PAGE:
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How to Find a Cancer Treatment Trial: A 10-Step Guide
    Posted: 03/21/2005


Before You Start:
Steps 1-3

Step 1

Step 2

Step 3

Searching for a Trial:
Steps 4-6

Step 4

Step 5

Step 6

After Finding a Trial:
Steps 7-10

Step 7

Step 8

Step 9

Step 10

Diagnosis Checklist

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After Finding a Trial: Step 8

Ask Questions About the Trial

Whether you or someone from your health care team calls the clinical trial coordinator, this is the time to get answers to questions that will help you decide whether or not to join this particular clinical trial.

It will be helpful if you can talk about your diagnosis in a manner that is brief and to the point. Before you make the call, rehearse with a family member or friend how you will present the key details of your diagnosis (Diagnosis Checklist). This will make you more comfortable when you are talking with the clinical trial coordinator and will enable you to answer his or her questions smoothly.

TIP: Download the PDF version of this guide and save it to your own computer. Then you can print it out and fill in the answers to these questions to keep for later use.

Questions To Ask the Trial Coordinator

1. Is the trial still open?
On occasion, clinical trial listings will be out-of-date and will include trials that have actually closed to further enrollment.

2. Am I eligible for this trial?
The trial coordinator will ask you many, if not all, of the questions listed on your Diagnosis Checklist (Step 3). This is the time to confirm that you are indeed a candidate for this trial, although a final decision will likely await your first appointment with the clinical trial team (Step 10).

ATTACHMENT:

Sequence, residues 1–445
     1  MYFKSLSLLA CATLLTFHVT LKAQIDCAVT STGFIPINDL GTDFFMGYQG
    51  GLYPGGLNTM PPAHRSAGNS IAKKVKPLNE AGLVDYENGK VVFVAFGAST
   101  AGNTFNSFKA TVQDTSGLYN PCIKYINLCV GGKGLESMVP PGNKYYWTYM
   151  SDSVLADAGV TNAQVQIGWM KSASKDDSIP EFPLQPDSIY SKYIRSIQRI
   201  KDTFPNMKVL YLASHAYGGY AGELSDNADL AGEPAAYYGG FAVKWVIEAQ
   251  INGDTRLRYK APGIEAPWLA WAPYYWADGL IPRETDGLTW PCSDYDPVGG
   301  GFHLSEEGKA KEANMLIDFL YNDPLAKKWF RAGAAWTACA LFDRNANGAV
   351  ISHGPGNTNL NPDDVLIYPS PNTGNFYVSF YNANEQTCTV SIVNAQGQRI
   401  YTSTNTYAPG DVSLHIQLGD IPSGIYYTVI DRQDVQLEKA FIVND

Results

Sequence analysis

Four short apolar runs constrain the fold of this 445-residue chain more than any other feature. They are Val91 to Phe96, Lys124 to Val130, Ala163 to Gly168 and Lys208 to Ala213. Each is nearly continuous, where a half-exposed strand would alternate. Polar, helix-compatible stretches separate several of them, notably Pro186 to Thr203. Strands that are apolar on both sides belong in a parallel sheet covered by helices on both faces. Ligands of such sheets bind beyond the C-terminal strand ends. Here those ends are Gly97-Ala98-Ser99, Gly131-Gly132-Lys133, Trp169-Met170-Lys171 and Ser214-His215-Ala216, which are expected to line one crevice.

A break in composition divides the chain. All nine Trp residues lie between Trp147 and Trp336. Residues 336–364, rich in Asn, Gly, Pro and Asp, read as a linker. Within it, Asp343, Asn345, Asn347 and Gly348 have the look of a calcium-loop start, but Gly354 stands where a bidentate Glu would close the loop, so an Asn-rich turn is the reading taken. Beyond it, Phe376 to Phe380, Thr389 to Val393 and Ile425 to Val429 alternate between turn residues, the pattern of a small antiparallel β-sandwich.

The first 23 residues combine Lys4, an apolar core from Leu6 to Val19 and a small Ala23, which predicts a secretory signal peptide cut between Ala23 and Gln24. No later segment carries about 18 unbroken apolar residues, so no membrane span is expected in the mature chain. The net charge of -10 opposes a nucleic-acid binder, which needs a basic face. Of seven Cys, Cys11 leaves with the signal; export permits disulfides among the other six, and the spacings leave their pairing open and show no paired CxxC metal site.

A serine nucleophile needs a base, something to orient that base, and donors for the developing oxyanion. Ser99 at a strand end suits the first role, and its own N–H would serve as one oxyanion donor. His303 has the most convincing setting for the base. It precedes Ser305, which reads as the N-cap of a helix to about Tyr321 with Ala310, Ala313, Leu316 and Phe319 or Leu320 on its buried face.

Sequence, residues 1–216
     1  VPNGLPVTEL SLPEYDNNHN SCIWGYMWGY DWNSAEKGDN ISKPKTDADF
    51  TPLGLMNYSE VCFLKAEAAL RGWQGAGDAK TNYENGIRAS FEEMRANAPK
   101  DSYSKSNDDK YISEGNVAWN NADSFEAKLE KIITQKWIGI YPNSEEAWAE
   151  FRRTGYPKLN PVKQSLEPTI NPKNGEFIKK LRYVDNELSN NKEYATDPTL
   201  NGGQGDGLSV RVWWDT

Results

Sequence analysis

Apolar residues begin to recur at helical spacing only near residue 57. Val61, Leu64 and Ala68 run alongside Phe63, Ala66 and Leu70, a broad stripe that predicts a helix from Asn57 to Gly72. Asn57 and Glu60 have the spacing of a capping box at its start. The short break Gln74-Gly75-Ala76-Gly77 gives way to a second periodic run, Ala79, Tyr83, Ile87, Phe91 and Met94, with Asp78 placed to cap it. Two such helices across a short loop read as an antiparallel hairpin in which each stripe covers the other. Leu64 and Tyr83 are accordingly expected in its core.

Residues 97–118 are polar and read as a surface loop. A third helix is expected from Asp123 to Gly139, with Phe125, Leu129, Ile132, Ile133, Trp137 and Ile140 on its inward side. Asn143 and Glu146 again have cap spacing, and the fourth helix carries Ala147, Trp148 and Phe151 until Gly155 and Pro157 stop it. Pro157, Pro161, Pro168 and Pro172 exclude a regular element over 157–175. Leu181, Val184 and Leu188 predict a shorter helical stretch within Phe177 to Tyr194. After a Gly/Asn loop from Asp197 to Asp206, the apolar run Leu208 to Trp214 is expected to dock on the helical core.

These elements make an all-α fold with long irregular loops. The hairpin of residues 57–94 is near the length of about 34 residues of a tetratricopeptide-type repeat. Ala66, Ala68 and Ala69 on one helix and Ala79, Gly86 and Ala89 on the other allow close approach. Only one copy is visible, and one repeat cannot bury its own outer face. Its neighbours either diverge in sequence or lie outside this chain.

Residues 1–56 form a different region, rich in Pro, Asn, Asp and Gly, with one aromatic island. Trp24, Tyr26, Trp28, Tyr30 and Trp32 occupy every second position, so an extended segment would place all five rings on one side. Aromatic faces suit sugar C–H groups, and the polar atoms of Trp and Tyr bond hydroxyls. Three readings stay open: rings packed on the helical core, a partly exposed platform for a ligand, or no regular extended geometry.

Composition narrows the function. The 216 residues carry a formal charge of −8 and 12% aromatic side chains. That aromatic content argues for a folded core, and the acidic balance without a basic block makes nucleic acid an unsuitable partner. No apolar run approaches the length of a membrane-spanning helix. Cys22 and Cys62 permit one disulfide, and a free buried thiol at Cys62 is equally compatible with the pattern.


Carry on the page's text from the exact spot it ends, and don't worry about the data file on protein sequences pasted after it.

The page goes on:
3. Why do researchers think the new treatment might be effective?
Results from earlier clinical trials will highlight the potential effectiveness of the treatment you may receive. The strength of the earlier evidence may influence your decision. You or someone who knows how to read the medical literature may also want to use a Web-based service such as PubMed to explore any previously published evidence related to the trial you're interested in.

4. What are the risks and benefits associated with the treatments I may receive?
Every treatment has risks. Be sure you understand what risks and side-effects are associated with any of the treatments you might receive as a participant in this trial. Likewise, ask for a detailed description of how the treatments may benefit you.

5. Who will monitor my care and safety?
Primary responsibility for the care and safety of patients in a cancer clinical trial rests with the clinical trial health care team. In addition, clinical trials are governed by safety and ethical regulations set by the federal government and the institution or organization sponsoring and carrying out the trial, including a group called the Institutional Review Board (IRB). The trial coordinator will be able to give you more information. You can also see Protecting Participants in Clinical Trials.